Racing around Hampton,Virginia in the 1950s
By Lewis Redding
This is a long and rambling trip to the past. For the most part, I believe that my memory is accurate. I was never a racer, nor a boat owner, but I grew up in Hampton, Virginia. The Hampton, Newport News, Portsmouth, Norfolk, area was a center for limited class inboard hydroplane and runabout racing, particularly in the 1950s. 

My older brother probably took me to my first Hampton Regatta in about 1949 when I was five years old. I loved it and couldn’t get enough of the boats. From that time forward I attended every Hampton regatta until the early sixties. There was also an annual regatta at Langley Field, as well as regattas in Norfolk and in Portsmouth. Until I got a driver’s license, I was stuck at Hampton, but that was not at all a bad place to be.

I spent my childhood on the campus of a historically black college named Hampton Institute (now, Hampton University). Until the late fifties the regatta was held on what we knew locally as “The Creek.” Officially, it was the Hampton River. The race site bordered Hampton Institute and the race pits were actually on Hampton’s campus. As laid-out, the original course had a rather peculiar shape. As a result, each heat was five laps in length. My memory is that one reason the course was finally moved to Mill Creek was to have sufficient space to have four laps per heat and where records could be officially sanctioned. There were also some safety concerns.

Every year when the race rolled around my friends and I would be up at the crack of dawn and head to the entrance to Hampton Institute to watch the boats drive onto the campus and head to the pits. We would try to discern the “best” boats and determine our favorites as the boats passed by on their trailers. Our parents would not see us until sunset.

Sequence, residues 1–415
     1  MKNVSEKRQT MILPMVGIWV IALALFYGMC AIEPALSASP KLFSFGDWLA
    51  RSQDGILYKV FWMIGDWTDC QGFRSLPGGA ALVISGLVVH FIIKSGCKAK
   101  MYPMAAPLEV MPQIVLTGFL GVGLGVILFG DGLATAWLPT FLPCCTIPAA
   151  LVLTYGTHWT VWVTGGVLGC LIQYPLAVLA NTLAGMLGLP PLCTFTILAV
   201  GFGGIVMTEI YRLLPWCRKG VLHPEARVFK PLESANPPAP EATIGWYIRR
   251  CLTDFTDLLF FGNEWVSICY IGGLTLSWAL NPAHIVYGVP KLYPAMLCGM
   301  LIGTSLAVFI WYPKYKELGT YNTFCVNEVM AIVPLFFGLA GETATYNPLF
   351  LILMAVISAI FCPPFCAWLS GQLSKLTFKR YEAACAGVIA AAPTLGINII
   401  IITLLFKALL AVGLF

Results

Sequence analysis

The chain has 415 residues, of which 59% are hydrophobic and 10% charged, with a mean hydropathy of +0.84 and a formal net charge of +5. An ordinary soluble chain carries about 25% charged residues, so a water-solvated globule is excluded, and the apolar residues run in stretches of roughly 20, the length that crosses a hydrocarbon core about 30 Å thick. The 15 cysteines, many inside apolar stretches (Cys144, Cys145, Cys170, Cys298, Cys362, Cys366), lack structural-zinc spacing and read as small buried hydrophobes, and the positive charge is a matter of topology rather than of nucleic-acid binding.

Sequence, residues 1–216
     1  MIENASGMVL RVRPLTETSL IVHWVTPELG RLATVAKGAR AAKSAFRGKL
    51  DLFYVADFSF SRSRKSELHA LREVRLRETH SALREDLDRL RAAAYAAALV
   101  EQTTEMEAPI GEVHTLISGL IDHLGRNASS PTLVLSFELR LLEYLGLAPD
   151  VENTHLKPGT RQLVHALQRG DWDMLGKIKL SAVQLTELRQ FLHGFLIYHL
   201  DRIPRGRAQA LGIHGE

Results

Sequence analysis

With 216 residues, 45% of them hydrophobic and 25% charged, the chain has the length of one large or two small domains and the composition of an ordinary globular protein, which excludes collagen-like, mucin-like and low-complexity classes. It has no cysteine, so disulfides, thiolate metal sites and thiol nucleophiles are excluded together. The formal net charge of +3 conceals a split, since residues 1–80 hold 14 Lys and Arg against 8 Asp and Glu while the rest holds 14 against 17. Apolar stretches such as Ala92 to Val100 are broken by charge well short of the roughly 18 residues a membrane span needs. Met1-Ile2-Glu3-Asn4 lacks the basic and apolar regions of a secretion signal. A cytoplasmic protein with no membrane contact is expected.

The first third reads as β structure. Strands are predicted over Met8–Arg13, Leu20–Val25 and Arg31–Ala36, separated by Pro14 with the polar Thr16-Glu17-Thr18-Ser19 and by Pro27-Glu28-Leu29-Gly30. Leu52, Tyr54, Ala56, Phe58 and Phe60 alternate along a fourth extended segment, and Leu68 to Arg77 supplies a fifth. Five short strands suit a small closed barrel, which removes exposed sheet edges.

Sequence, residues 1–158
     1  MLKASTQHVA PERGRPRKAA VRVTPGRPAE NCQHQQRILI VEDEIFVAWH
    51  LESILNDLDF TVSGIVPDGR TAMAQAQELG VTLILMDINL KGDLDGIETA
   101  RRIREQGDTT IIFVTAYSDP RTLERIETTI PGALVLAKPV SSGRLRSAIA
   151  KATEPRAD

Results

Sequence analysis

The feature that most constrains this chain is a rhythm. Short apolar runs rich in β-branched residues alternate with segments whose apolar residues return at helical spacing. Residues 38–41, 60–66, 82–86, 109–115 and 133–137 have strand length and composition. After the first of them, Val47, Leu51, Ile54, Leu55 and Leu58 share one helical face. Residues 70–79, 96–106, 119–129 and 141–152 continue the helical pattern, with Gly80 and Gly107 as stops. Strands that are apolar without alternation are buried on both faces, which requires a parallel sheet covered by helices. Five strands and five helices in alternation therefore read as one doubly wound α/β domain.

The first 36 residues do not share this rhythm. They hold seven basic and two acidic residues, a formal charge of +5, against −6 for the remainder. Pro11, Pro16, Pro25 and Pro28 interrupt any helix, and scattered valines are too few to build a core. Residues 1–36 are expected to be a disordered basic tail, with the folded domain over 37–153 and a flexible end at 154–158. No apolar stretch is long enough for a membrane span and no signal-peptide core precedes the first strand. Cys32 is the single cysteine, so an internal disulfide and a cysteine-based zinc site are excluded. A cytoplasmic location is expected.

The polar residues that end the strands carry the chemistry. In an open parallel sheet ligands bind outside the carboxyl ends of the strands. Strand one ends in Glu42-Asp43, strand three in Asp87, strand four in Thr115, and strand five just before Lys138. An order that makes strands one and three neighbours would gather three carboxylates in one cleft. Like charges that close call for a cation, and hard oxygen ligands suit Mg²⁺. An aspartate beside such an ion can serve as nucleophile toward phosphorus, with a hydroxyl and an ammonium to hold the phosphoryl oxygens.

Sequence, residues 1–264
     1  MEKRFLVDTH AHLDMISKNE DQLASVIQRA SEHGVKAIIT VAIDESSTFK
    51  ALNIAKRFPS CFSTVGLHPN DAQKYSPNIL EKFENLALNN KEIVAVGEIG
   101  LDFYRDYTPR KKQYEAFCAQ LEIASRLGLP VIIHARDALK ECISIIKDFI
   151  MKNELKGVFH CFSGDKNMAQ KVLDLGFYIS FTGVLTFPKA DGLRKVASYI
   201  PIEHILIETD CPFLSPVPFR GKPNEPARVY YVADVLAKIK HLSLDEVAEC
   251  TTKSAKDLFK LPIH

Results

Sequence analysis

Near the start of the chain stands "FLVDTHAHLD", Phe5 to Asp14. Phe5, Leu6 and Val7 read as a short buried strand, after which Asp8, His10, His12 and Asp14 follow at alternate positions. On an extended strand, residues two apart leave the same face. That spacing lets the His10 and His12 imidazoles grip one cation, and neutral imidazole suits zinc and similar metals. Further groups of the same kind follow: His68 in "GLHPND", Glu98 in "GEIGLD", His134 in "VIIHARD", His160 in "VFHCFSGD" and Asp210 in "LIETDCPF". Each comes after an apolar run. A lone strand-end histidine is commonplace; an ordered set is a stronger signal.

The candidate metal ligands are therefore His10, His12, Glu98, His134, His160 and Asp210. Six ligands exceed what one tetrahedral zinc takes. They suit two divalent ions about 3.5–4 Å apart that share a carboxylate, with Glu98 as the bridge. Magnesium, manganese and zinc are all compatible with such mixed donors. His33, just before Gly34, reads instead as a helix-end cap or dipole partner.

Later, we would spend time in the pits, no pit passes required. Basically, we had the run of the place. Shortly before the first heats began, we would head down to a campus site known as the Catherine House in order to watch the action. The Catherine House was right on the water. Not only did it have a large, fully-screened, porch, but it had two substantial piers that jutted out into the water. There was a boat ramp between the two piers. At high tide the water would rise to within three feet or so of the tops of the piers. Best of all, the second turn of the race course began immediately beyond the Catherine House. The drivers would begin to set up their boats for the turn right in front of those piers where we sat and, depending upon the tide, and the track each boat would take, spectators sitting on the piers might well get a soaking.

I took tons of snapshots of the boats in the pits with a Brownie Bullseye camera. Unfortunately, when I went away to school and my parents moved all of those snapshots were lost.

Here are some assorted memories, not just from the regatta: 

  • Our excitement when we heard there was going to be a 280 cid class because, initially, we did not know that it was a “stock” class; we thought that the boats would be even faster than our favorites, the 266cid hydros.